Firstly, I am completely on board for finding new ways to engage children in grade school and teaching them how to become lifelong learners, not just parrots or test-taking machines. Therefore, one would think that I would be a strong advocate of the teaching strategies demonstrated and discussed in “Digital Media–New Learners of the 21st Century,” right? I thought so too. Then I watched the video.

I have to say I had two major concerns from the get-go that completely distracted me from the pedagogical practices that were being employed. They were:

  1. How is all this additional screen time affecting the health of these children?
  2. Much of the equipment shown seems rather pricey; would it really be possible for all schools to afford such digital resources? What about the kids who’s schools can’t afford the equipment?

Because I am far from an expert on either of these topics, I looked up a couple news videos and articles to see what the media and scholars have to say about these issues. As you might imagine, the news, literally and metaphorically, is not good.

Effects of screen time:

Ability of low-income schools to access digital resources:

Therefore, call me old-fashioned, but I am on the fence about programs such as those shown in the “Digital Media–New Learners of the 21st Century ” video. Do I think getting kids engaged is important? Absolutely. Do I find technology a valuable resource? Definitely. Do I think programs completely dedicated to digital learning are the way of the future? I’m not so sure. Especially not without making it safe for kids first (e.g. regular breaks, eye protection, ergonomic controls, outdoor time, etc.). However, I do think that digital tools and connected learning could offer great learning opportunities for students when used in moderation, and I definitely think we need to give students in all communities access to connected learning opportunities, especially those with little or none of that access currently.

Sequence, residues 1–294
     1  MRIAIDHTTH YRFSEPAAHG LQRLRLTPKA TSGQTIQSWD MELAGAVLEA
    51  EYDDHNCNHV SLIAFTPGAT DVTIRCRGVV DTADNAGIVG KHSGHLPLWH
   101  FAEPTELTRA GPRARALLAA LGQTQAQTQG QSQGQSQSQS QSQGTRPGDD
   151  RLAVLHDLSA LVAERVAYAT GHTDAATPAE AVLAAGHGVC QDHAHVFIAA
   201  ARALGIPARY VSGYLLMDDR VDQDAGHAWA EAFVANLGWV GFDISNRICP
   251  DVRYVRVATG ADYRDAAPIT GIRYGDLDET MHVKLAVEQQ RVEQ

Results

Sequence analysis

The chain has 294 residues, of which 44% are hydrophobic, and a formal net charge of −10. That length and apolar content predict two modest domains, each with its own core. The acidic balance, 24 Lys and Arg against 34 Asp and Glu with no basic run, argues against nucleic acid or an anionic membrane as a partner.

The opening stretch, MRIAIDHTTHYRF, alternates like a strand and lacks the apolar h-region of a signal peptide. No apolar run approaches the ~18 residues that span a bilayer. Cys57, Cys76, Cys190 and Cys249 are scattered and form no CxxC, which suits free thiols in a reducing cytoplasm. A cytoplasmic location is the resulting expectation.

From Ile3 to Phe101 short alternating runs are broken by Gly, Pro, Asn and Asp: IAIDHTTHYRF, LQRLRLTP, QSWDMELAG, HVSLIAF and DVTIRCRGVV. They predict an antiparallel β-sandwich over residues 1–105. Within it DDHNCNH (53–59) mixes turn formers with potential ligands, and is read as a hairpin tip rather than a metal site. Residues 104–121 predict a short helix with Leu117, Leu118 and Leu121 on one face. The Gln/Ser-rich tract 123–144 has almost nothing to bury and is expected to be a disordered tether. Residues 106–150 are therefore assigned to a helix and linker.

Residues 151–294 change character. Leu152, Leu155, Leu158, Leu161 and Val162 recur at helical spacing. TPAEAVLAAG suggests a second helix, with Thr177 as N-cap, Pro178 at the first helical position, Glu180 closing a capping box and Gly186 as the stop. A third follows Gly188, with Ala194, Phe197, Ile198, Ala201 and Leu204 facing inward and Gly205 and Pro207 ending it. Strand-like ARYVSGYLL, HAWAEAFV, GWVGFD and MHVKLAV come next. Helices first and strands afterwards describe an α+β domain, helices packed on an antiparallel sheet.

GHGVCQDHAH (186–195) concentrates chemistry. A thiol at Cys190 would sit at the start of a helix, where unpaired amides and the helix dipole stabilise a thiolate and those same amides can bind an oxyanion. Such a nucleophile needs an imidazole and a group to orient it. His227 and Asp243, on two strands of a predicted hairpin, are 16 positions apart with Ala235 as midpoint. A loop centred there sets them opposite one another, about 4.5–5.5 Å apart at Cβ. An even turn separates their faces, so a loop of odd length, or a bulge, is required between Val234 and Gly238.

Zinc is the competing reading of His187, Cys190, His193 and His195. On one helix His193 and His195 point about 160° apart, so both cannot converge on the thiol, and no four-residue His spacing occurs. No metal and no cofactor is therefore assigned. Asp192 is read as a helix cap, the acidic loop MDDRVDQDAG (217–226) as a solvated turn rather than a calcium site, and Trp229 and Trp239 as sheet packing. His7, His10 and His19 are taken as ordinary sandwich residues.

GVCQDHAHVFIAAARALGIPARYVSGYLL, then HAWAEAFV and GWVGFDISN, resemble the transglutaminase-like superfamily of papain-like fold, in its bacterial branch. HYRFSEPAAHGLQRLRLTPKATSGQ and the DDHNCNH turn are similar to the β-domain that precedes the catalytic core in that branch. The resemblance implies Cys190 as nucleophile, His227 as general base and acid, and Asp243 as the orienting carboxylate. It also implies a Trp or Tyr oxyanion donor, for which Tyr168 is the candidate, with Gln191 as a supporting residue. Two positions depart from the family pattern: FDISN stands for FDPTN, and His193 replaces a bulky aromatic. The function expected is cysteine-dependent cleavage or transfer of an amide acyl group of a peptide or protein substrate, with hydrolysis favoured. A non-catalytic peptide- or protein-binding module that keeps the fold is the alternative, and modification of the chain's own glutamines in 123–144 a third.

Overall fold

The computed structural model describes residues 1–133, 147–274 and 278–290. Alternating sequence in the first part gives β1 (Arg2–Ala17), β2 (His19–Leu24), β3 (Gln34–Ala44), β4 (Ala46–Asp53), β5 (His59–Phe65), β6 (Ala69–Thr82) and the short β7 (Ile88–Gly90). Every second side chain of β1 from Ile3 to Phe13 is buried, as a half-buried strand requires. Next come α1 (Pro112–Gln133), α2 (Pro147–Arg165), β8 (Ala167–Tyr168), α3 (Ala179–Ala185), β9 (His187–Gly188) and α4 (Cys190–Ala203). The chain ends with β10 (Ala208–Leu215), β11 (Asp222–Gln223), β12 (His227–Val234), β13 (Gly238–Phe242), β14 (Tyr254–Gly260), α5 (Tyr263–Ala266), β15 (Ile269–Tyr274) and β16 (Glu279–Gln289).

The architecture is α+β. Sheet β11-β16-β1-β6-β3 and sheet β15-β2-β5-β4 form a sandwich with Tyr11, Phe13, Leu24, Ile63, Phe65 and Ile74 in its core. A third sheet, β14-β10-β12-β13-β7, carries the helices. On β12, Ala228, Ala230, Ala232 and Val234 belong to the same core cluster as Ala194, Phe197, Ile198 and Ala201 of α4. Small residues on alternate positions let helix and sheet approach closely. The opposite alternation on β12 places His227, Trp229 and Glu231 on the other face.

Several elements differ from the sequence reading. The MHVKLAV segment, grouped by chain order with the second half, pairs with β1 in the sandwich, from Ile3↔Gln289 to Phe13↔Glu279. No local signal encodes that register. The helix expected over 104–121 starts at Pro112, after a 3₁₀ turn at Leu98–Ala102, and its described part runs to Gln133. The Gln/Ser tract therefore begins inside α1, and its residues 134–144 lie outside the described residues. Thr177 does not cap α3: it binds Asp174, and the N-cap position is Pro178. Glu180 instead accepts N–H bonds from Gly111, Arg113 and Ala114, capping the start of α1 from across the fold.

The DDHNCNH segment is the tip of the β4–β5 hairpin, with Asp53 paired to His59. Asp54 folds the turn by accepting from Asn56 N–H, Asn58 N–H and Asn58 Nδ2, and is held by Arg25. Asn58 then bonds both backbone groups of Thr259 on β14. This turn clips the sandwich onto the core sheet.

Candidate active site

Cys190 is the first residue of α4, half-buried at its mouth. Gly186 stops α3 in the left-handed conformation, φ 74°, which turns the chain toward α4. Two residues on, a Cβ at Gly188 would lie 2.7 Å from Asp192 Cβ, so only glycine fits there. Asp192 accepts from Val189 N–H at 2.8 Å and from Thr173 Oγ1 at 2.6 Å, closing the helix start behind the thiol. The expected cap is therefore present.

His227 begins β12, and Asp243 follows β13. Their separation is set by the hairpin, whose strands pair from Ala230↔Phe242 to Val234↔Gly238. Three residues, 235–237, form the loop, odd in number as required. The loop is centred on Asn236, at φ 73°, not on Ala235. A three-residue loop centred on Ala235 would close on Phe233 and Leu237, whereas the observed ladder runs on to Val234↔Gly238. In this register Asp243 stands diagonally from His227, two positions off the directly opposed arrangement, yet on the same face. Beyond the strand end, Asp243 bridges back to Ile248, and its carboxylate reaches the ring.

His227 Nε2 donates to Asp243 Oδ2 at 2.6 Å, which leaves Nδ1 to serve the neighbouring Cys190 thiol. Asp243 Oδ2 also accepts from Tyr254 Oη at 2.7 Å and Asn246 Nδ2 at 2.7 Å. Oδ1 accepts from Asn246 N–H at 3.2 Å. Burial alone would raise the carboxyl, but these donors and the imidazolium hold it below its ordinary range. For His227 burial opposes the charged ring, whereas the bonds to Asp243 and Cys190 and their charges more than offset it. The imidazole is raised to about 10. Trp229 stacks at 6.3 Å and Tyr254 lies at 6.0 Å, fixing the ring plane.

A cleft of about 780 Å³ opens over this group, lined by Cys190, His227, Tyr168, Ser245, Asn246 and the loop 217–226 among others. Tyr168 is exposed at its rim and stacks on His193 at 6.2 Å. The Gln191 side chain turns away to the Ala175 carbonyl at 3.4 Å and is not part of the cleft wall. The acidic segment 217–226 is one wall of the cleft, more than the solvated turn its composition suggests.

The Martian, and how it recruited to Botany…

The Martian was my favorite movie in 2015. The science in the movie was fascinating. The movie did a beautiful job recruiting high school students to Botany. Think about it… How to create crops in an environment that’s not your average Earth atmosphere was fascinating. How do you trick the plants, to have the grow… How to create water to water your plants in the atmosphere of Mars… This movie could really speak volumes and volumes about how fascinating the sciences are… Though my knowledge is limited in these areas, I was intrigued by the movie… I thought it was really cool. This movie will pull-out the aspiring astronaut, scientist, and botanist out of the audience…

But why can The Martian do that, and a lot of our lectures in schools, colleges, and universities not do that? As Robert Talbert mentioned in Four Things Lecture is Good For , he stated that the traditional uses of lectures today are oftentimes not aligned with what lectures should be used for. He said that lectures aren’t made to help students regurgitate new information if you would, because there are 4 better uses for lectures in his view. Some things he mentioned are teaching students how to think, and teaching them things in a creative fashion that individuals with a lot of experience can come up with, but the average student probably wouldn’t come up with. And 2 more things here. However, unfortunately, up till today, we have lectures where some professors, especially in Math, choose to lecture to the board… And expect their students to decipher what they’re doing through the equations they’re putting on the board.

In “What Video Games Teach Us”, I was really thinking about how rewarding and enjoyable video games are… Some people have experienced video games at times, while others constantly have fun with them. As the author mentions, the analogy he posed is valid, regarding how society influences how we think and learn… And how sometimes we are willing to do something that’s counter-intuitive to our nature.. Especially in the cognitive sense.

That’s what got me thinking… if we can somehow inspire our students the way they are inspired by good teachers, by video games, and by movies like The Martian… We can get our teaching and learning at the best levels possible.